Tuesday, January 27, 2009
Remote Backups to Network Attached Storage
The idea here is that you have a NAS (Network Attached Storage) drive that you’re using for Time Machine backups, like the setup I outlined in my “Using an AirPort Extreme and External Hard Drive as a Time Capsule” tutorial. Maybe you have a desktop at home, and a notebook that you travel with, and you’d like to continuously back them up to the same drive using Time Machine. I’ve seen other tutorials using Mobile Me / Back To My Mac to set this up, but I had no success with that approach. This is a pretty simple (not to mention FREE) way to achieve remote backups.
Any Mac running OS X 10.5.x, an AirPort Extreme and your favorite USB external hard drive. For my setup, I’m using an Intel iMac and pre-unibody MacBook, an 802.11n AirPort Extreme w/ Gigabit Ethernet and a Western Digital 500GB My Book Studio Edition.
1) The first thing I recommend is setting yourself up with a free OpenDNS account. See www.opendns.com for info. I also recommend downloading the OpenDNS Updater and putting it in your Login Items.
2) Next, set up a free Dynamic DNS account. This will give you a memorable URL to access your home network, rather than keeping up with an ever-changing IP address. www.dyndns.com
3) If you have a dynamic IP address, you will also want to install the DynDNS widget on a machine that doesn’t leave your local network. This will ensure that your DynDNS account always has the correct IP address. If you have a static IP address, you can skip this step. If you don’t know if your IP address is static or dynamic, it is most likely dynamic.
4) Launch AirPort Utility. Choose your AirPort Extreme and click “Manual Setup.” Under the AirPort pane, click the “Base Station” tab.
5) Click on the “Edit” button under the “AirPort Extreme Name” field. In the resulting window, check the “Use dynamic global hostname” box. In the “Hostname” field, enter the URL (with no http:// or www) that you just created. In the user and password fields, enter your DynDNS account name and password. It should look like the following example, only with your info in the fields instead of “example.”
From here on, you will need to perform these steps on whatever machine you plan on backing up remotely. In most cases this will be your notebook. If you haven’t done so already, I recommend doing your first backup of this computer locally as it will take quite some time. It is recommended that you quit all open applications before performing the following steps.
6) In Finder, under the Go menu, click on “Connect to Server.” Type in afp://example.dyndns.org, using your own URL. If you are prompted for a user name and password, use the same credentials that you used to set up your hard drive access in AirPort Utility.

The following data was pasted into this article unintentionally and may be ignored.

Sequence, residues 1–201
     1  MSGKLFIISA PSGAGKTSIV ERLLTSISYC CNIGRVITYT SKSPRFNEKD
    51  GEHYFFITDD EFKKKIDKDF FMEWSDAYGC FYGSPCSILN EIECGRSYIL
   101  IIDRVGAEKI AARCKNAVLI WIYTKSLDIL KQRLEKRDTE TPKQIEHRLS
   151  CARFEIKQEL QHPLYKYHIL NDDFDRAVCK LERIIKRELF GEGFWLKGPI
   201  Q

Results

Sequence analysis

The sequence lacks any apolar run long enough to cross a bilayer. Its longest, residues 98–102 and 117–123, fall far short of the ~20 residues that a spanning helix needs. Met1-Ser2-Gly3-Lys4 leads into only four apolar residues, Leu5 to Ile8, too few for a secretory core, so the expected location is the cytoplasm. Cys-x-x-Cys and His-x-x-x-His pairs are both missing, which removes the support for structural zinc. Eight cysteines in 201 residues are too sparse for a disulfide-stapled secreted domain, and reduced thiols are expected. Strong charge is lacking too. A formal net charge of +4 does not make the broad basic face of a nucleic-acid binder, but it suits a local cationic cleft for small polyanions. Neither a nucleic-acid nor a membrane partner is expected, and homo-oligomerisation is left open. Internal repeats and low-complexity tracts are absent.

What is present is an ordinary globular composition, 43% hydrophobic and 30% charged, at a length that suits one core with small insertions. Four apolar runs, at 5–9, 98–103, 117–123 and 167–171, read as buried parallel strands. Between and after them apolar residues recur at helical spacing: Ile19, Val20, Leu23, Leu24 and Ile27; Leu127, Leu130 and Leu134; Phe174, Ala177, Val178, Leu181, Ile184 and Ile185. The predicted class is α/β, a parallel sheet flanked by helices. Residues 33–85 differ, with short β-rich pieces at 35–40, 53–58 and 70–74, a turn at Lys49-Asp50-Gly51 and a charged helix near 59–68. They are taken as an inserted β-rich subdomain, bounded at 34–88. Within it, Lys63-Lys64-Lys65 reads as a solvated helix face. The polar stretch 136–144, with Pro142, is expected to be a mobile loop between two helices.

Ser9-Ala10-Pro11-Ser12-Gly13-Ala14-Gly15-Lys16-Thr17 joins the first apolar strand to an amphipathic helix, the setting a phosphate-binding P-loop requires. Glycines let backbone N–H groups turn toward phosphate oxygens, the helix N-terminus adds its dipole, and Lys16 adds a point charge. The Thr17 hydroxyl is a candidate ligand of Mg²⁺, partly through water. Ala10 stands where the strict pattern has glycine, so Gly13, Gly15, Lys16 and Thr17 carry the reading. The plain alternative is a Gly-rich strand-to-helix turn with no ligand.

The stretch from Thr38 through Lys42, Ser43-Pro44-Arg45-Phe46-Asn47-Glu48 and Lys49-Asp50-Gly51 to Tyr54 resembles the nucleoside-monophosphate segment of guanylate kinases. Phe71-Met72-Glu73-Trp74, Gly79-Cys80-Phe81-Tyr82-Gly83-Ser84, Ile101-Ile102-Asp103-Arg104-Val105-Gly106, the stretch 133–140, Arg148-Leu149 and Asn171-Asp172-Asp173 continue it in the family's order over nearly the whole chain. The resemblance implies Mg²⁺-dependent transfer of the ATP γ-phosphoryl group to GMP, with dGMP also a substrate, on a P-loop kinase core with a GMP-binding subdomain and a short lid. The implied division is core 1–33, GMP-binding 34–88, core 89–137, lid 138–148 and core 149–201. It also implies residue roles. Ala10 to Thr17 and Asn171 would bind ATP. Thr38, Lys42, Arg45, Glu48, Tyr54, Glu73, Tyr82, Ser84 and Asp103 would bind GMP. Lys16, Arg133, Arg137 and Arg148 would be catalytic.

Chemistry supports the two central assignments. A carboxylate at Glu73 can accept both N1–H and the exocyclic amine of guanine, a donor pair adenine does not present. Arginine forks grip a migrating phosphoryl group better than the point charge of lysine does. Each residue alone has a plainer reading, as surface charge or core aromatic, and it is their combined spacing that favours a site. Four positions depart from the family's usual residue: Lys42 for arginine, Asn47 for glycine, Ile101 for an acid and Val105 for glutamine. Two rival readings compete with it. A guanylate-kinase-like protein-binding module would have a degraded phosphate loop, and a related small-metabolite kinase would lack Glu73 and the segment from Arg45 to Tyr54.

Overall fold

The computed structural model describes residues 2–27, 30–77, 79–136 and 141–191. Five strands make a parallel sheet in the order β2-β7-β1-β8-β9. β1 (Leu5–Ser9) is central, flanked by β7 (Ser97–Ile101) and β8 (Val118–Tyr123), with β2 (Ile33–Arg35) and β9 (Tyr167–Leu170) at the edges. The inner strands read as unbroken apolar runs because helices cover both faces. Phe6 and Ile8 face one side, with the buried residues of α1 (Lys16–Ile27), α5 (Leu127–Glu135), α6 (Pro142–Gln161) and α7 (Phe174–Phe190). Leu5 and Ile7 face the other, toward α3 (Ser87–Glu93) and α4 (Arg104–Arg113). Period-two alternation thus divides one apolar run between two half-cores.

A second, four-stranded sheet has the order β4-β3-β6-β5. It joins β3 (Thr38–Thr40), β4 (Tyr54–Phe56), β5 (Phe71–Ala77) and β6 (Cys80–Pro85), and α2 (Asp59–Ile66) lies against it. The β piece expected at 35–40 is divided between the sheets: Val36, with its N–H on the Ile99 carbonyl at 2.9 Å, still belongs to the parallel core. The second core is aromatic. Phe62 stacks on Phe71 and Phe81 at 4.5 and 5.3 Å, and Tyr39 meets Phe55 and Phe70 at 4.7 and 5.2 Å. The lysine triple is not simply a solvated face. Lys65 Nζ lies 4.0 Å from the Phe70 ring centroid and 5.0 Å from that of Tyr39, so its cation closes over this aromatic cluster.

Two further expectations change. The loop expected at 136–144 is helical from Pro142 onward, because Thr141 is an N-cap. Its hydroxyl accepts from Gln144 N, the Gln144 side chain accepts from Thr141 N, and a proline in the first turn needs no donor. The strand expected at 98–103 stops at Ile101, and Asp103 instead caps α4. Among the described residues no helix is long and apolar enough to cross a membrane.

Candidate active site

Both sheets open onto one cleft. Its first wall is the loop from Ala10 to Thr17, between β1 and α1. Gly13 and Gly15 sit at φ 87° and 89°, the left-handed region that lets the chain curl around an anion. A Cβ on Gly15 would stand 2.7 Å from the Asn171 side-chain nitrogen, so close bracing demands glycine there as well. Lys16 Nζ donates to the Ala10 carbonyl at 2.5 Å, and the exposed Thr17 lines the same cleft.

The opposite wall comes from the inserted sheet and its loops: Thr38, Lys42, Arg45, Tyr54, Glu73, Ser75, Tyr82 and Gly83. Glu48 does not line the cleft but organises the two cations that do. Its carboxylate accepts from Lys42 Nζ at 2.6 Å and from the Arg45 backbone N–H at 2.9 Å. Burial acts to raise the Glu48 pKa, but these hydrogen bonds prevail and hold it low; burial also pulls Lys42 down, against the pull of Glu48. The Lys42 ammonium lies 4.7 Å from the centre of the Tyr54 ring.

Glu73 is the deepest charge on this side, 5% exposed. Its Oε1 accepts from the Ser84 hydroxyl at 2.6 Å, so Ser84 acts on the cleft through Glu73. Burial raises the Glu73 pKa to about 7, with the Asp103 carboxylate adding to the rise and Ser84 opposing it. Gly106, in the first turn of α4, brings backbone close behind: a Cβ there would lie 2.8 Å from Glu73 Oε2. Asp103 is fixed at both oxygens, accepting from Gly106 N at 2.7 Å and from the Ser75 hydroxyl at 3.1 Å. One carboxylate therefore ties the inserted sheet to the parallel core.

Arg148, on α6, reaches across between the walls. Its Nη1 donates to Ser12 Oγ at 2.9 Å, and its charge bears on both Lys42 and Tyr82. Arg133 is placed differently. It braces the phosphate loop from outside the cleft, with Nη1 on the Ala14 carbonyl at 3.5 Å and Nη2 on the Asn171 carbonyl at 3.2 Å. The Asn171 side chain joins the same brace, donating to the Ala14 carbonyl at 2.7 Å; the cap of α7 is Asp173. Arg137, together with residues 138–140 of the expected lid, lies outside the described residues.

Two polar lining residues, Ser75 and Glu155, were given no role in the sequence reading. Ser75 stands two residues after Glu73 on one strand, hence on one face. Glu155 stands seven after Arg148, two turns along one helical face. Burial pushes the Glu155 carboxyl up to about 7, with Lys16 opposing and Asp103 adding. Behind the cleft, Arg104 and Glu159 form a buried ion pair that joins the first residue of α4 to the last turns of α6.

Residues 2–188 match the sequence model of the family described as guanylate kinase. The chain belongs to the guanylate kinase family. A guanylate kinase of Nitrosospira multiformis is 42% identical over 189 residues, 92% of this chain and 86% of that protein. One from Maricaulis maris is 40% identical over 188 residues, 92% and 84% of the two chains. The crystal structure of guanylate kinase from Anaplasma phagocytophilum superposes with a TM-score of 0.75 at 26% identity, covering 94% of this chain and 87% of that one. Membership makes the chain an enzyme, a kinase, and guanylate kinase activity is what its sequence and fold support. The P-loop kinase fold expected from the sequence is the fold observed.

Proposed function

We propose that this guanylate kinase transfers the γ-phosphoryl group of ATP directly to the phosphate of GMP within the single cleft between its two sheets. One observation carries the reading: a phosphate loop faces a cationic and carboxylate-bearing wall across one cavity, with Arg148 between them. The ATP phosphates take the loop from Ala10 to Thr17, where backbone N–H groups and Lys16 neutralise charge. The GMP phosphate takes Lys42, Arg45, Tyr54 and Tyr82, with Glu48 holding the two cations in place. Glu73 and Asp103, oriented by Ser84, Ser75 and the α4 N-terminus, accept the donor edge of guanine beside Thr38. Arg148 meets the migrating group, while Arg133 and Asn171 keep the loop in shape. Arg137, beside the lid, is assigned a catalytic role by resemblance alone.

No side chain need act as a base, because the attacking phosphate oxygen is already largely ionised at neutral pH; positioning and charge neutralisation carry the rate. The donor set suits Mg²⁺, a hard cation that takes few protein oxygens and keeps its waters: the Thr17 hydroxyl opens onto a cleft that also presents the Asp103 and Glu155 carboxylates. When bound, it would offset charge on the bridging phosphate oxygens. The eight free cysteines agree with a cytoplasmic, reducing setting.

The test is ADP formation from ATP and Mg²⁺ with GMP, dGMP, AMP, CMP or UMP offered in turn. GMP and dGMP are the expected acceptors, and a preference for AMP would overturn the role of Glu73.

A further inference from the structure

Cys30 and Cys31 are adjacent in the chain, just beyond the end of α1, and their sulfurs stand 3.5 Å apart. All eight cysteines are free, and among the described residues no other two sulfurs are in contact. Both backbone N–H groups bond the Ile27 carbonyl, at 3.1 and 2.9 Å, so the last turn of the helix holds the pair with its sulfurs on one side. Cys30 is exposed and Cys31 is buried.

7) Once the server has mounted, you can go into the Time Machine pane in System Preferences and select the drive. It will show up in the dialog box as “Hard Drive Name (example.dyndns.org).”
8) You’re going to want the computer to mount the server automatically on startup, that way Time Machine is still “set it and forget it.” In System Preferences, go into the Accounts pane. Click on the Login Items tab, then drag and drop the hard drive’s icon into the list. I prefer to have the “Hide” box checked to make this whole process run in the background.
9) Your final step is to connect to a different network and test your new backup configuration!
When your hard drive is mounted, you have read/write access to everything on the drive, so in addition to backups, you also have a large file server at your disposal.
You can forward port 5900 to a machine on your local network, and then use a VNC client (such as Chicken of the VNC) to remotely access your home machine. For example, I can access my iMac at home using my MacBook any time I’m connected to the internet.
Keep in mind, you are limited by the download speed of your home internet connection, and (more importantly) the upload speed of your remote connection. This means that your backup speed will be significantly slower than when on your local network. For this reason, I do not recommend using this method for your first backup.
Remember that you are submitting non-encrypted data through the internet, and there is the chance it could be intercepted by a 3rd party. I would not recommend backing up sensitive data through this method.
It is very important that you have password protection not only on your hard drive, but also any machine attached to your network. Also, this should go without saying, but don’t go giving out your URL.
It does not appear to be necessary to change your backup disk to the local volume when connected to your local network. I have had no trouble backing up through this method while on my home network, and it appears to be taking advantage of local network speeds when doing so.
The backup process spends more time on preparing than usual. This appears to be normal for this situation.
I have not tested this functionality with a Time Capsule, but I don’t believe it will work. If anyone would like to try and report their results, I would love to add them to this tutorial.